One sunny day in 1891, a German ship belonging to Hapag-Lloyd Cruises set off in the Mediterranean with no itinerary in mind. The captain declared, in effect, he was going nowhere, and cruising was born.

In today’s world of cruise ships, it would appear not a lot has changed in that many passengers don’t particularly care about where they are going, or indeed about being at sea.

What lures them aboard modern mega-ships is an intoxicating array of bars, theme restaurants, jingling casinos, waterslides, zip lines, rock-climbing walls, the whole fandango topped with pools crammed with kids.

But there is another way – voyages, where you are going somewhere. Cunard does crossings, Southampton to New York, which is a hugely significant journey – think of the Mayflower and Ellis Island, the Blue Riband and Titanic.

Other lines sail adventurous routes, such as Antarctica, the Galapagos Islands, they take a passage to India, or a voyage to Australia, which has the added advantage of avoiding two long flights, including the ones where you stop for a camel ride.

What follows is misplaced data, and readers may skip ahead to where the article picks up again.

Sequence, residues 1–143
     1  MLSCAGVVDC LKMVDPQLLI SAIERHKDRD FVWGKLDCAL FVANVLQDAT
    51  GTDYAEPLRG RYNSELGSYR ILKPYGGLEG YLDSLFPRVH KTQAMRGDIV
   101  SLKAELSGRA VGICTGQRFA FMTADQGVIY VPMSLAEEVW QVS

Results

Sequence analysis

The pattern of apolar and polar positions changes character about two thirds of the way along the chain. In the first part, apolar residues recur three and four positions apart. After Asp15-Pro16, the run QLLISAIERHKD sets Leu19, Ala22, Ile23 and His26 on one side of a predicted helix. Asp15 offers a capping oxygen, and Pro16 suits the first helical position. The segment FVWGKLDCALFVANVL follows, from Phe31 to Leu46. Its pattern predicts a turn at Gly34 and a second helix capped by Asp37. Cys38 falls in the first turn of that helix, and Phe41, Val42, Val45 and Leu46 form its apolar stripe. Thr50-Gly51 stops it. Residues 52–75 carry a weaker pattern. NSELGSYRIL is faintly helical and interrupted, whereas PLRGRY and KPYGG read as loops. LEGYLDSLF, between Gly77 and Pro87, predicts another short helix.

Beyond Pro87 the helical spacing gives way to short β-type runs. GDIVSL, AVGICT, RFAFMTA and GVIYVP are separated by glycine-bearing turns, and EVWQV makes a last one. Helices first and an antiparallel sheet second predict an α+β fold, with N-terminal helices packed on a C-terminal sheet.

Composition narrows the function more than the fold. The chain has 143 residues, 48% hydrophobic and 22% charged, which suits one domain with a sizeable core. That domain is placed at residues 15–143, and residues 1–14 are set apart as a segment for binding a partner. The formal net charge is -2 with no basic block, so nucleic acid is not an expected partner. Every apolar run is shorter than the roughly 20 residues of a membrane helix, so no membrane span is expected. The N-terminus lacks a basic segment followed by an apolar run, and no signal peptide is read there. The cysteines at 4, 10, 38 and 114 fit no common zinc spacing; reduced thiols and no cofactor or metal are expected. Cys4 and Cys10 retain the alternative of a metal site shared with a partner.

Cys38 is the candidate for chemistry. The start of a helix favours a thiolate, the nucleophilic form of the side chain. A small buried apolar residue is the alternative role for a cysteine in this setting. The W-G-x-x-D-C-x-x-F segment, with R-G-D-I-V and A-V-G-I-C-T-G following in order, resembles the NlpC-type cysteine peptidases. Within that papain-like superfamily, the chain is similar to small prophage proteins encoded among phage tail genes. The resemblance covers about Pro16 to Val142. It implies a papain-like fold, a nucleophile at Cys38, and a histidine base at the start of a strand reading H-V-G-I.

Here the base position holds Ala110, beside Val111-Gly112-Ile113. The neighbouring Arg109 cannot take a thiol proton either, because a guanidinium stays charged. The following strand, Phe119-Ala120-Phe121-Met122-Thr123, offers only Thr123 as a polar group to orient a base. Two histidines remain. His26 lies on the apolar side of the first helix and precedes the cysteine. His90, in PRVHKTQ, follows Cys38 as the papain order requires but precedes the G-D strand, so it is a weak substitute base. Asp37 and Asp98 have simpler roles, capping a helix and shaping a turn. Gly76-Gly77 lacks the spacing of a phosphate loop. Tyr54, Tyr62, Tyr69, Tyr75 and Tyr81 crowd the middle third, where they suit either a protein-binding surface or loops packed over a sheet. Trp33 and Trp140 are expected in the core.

Australia has long been one of my favorite places, particularly for a winter good-weather escape, while sailing into Sydney harbour is one of the world’s greatest travel experiences.

And why did it take so long to find this huge continent? Greek mathematician and philosopher Pythagoras (560–480 BC) and his followers were the first to document the theory of land masses in the southern hemisphere to counterweight the northern hemisphere to ensure a balance in the globe.

This idea of a large southern continental mass strongly influenced cartographers until the late 1400s with the belief in the unknown Great South Land…

Words David Wishart

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